Why You Should Start a Student Library Assistant Program in Your Library

Lucas Maxwell


Lucas Maxwell has been working with youth in libraries for over fifteen years. Originally from Nova Scotia, Canada, he's been a high school librarian in London, UK for over a decade. In 2017 he won the UK's School Librarian of the Year award and in 2022 he was named the UK Literacy Association's Reading For Pleasure Teacher Champion. He loves Dungeons & Dragons and is the author of Let's Roll: A Guide for Setting up Tabletop Roleplaying Games in Your School or Public Library. You can follow him on Twitter and on his blog.

In the high school library that I manage, I’ve been running a student library assistant program for close to eight years. I have ten students between the ages of 12 and 18 on the roster, but the number is actually much higher, which I will explain below.

In my experience, running a student library assistant program has been a huge boon the the library and the school as a whole. Here are a few reasons why it’s so awesome.

It Brings In Fresh Ideas

Students are brimming with ideas that I borrow/steal from them constantly. Students will bring a lot to the table once they realise someone is going to treat them seriously, not talk down to them, and provide them with a safe, welcoming space. I’ve been very fortunate in that our students have asked for and helped create some of our most popular and longest running programs. These include our Manga Club, Open Mic, Dungeons and Dragons Club, our library podcast, and much, much more. Steering students in the right direction will ensure you will have a thriving library that a lot of people want to use for many years to come.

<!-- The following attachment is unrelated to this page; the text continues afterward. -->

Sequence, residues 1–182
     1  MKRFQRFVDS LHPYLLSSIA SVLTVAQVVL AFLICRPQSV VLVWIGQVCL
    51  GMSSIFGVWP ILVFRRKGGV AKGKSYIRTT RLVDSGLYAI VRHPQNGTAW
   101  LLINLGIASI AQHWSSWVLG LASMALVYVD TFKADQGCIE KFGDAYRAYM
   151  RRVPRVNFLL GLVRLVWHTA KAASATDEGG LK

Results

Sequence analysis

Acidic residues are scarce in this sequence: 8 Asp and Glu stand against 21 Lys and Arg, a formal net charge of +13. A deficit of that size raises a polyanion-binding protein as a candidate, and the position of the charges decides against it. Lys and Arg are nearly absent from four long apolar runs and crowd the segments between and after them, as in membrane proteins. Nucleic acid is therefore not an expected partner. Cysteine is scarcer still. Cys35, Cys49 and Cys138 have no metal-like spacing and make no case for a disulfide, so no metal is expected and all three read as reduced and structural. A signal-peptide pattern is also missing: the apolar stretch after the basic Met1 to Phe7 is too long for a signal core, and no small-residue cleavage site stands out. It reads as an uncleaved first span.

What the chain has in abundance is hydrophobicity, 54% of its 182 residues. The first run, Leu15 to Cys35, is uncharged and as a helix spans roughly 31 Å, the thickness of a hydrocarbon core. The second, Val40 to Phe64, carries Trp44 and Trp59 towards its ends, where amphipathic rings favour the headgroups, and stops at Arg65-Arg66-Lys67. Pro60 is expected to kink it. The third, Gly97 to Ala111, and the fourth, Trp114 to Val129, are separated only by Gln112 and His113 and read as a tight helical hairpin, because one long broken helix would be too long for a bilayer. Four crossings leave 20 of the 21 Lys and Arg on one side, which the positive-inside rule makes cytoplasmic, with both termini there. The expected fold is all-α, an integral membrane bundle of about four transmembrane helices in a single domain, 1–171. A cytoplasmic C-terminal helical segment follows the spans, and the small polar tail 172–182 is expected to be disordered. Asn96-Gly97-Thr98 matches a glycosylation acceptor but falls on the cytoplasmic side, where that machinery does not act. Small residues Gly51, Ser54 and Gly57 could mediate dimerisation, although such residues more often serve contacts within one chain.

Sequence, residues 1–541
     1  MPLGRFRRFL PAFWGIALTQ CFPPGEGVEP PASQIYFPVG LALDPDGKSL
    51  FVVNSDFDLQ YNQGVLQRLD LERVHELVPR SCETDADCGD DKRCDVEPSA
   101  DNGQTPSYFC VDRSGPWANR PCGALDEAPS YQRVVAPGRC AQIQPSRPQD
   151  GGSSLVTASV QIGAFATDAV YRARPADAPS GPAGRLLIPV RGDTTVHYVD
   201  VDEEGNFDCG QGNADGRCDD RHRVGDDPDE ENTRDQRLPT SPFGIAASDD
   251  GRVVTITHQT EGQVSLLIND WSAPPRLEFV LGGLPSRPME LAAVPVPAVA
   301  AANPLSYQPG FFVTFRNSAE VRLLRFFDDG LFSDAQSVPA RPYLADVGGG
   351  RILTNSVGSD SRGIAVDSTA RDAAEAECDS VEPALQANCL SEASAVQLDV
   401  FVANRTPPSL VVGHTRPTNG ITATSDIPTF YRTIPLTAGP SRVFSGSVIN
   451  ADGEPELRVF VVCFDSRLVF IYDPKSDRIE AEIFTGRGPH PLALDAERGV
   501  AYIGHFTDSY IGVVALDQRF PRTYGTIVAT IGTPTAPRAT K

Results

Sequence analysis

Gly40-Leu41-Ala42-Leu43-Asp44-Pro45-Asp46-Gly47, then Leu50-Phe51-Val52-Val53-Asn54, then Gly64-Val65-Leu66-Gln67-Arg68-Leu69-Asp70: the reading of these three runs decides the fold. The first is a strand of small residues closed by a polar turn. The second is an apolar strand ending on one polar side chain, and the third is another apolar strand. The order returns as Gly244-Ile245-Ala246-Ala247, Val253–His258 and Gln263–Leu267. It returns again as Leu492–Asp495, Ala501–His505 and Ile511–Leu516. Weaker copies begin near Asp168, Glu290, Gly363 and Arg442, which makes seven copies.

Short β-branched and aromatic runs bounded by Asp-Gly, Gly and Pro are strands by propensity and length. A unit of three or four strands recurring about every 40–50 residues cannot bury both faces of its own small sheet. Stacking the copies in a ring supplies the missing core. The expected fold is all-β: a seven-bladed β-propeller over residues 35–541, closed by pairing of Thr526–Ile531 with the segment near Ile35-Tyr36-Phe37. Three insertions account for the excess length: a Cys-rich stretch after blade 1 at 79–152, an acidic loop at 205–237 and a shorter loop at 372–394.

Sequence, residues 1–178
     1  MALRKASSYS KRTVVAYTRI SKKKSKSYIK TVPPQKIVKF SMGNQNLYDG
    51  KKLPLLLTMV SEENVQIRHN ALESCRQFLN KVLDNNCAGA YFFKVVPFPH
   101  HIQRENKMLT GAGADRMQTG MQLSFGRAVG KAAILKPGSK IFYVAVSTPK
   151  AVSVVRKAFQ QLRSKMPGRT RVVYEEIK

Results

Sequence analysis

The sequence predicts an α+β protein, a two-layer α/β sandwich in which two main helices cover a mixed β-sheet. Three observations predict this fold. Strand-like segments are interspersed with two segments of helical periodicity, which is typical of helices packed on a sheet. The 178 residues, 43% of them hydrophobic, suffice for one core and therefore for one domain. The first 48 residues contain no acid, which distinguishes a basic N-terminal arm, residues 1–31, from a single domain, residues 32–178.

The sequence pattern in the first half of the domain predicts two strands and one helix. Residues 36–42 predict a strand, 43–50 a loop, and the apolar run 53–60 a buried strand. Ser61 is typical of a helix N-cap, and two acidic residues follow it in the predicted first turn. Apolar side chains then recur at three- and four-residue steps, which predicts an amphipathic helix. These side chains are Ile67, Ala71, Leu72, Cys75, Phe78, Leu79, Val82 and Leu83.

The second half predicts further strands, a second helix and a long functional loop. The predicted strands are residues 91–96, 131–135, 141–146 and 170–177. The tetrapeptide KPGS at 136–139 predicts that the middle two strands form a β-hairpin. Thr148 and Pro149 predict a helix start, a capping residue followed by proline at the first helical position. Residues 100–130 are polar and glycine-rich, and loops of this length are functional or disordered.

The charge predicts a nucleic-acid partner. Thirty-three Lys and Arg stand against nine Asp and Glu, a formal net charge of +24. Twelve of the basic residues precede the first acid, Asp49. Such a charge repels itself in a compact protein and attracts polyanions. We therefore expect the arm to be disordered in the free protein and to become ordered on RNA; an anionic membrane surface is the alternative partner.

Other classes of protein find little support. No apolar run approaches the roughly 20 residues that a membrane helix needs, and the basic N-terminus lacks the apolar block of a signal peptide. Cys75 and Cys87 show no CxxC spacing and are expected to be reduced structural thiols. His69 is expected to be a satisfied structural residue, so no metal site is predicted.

It Frees You Up to Do Other Things

This may seem selfish, but once you’ve got a reliable team on board, it can free you up. I’m talking primarily about working on the desk, checking books in and out. This is a vital part of what we do, but I personally like to get out from behind the desk and wander the library, having conversations, running programs at lunchtime, and greeting students at the door during the early break time rush. Having students working behind the desk allows me to do this. Again, I’ve been lucky, I’ve heard other librarians say things like “students create more work than they do”. My response to this: You might not have found found them the right role. As I’ve mentioned, I have ten students who rotate week to week behind the desk but I have many others who do things like run the library podcast and help out with our manga club and other programs. The students who work behind the desk are ones that I know 99% of the time will be able to work independently. You need to figure out what works best for your library and your students.

New Programs Means New Faces

As mentioned above, our students have come up with some really great program ideas. These ideas have blossomed over the years meaning other students who primarily wouldn’t use the library have come in and become regulars. It might seem odd but our Dungeons and Dragons club has brought in a dozen or more faces ages 13+ that I never saw in the library. I am running one session for age 13 and a 13-year-old is now running a session for ages 11 and 12. It’s become a huge thing that I have absolutely loved see become a major part of our library programming. This is also true for our Open Mic, which has brought in an absolute ton of new faces to the library. I am so excited that we are able to have our Open Mics start back up again in mid June 2021.

Dungeons and Dragons club

It Is a Lot of Fun

Again, I’ve been very lucky, but I absolutely love the program. I think it’s something I’m most proud of starting at the library. Once the students get a feel for the library and how the programs run, what to do behind the desk, they take it very seriously but also have a lot of fun. They give so much to the library it’s hard to put it into words. The library space is for them, they are the reason it has been a success for the most part because I could stand there all day and shout about programs but without interest the library would be a ghost town. A student library assistant program is, in my opinion, the first thing you should do when you start at a new library!